The six weeks leading up to Easter is traditionally spent focusing on acts of devotion: prayer, fasting, self-denial, and self-examination. But why?
To prepare our hearts and lives for the celebration of Easter Sunday.

This Lenten season, join us every Sunday as we walk through our sermon series 24 Hours That Changed The World - taking a closer look at the day before Jesus death and resurrection. 


As we start off the Lenten season, Ash Wednesday creates a space for us to prepare our hearts through repentance and prayer, creating space for God to work in us over the coming weeks.

And where do the ashes come in? Throughout Scripture, dust and ashes symbolize frailty or death (Gen. 18:27), sadness or mourning (Esther 4:3), judgment (Lam. 3:16) and repentance (Jon. 3:6). In making the sign of the cross in ashes on our forehead, we get to physically symbolize our repentance of our sin and our dependence on Christ's sacrifice for salvation.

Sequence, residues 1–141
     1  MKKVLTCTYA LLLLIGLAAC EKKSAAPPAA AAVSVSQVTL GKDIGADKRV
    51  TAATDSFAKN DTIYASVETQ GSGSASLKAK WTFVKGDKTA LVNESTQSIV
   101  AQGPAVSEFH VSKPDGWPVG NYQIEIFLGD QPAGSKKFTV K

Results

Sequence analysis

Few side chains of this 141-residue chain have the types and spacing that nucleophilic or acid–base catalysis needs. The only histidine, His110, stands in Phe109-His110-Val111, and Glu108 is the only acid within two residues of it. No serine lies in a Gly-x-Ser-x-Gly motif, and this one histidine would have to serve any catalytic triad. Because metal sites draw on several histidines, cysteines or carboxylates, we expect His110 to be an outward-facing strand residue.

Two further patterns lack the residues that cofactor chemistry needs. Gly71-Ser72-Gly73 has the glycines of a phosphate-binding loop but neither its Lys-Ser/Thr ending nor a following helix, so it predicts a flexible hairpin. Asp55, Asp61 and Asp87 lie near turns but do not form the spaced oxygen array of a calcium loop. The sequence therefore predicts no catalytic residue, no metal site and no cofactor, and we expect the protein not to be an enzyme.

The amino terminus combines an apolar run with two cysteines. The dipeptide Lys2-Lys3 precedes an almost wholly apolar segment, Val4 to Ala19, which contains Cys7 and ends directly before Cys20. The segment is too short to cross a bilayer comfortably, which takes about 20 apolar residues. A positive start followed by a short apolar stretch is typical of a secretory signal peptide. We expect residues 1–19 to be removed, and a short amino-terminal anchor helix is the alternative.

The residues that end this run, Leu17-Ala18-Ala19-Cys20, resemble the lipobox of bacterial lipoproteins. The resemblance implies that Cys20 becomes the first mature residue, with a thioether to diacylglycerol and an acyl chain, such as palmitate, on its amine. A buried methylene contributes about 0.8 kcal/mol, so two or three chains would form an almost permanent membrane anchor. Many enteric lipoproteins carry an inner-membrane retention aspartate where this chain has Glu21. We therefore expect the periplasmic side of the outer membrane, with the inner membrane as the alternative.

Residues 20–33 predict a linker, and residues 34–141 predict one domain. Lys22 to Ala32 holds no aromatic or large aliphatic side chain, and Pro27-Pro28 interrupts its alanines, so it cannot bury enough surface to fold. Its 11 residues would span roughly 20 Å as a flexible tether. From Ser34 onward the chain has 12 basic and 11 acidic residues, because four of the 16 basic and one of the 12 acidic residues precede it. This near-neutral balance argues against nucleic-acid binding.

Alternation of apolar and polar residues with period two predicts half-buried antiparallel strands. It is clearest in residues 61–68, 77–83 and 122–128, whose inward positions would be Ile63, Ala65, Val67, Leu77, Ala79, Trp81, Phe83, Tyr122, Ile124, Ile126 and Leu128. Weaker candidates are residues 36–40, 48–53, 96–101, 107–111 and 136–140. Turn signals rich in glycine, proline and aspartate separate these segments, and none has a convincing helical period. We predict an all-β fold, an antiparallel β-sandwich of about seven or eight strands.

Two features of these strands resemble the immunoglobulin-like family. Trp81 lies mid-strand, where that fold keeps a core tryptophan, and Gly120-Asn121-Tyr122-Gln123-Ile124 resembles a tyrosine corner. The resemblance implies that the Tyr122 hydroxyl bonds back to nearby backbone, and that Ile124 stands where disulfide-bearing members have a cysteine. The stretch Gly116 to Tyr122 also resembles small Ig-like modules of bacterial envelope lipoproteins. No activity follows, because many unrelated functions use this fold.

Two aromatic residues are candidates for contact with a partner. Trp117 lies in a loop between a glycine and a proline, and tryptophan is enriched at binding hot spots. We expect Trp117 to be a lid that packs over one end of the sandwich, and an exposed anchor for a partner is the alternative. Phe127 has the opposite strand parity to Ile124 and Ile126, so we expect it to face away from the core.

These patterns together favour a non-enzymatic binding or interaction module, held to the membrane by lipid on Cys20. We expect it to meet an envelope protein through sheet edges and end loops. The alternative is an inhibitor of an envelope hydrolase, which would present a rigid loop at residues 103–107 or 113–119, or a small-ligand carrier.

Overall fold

At our reflective Ash Wednesday service, we will worship together, hear a brief message, and spend time in personal contemplation. During the service, you will also have the opportunity to have ashes placed on your forehead. All of this is done for one purpose: to help us focus on what it means to be followers of Christ.

Stay tuned for more info!


Good Friday the day that we reflect and remember the day, 2000 years ago, when Jesus was mocked, beaten, and killed. So, why do we call it "good"?

Good Friday celebrates one of the most momentous days in human history: the day that Jesus went through so much suffering so that we could be set free from sin and death.

It can be easy for us to take this day for granted, but we want to give you the resources to pause and remember all that Christ gave for us on that cross.

Stay tuned for more info!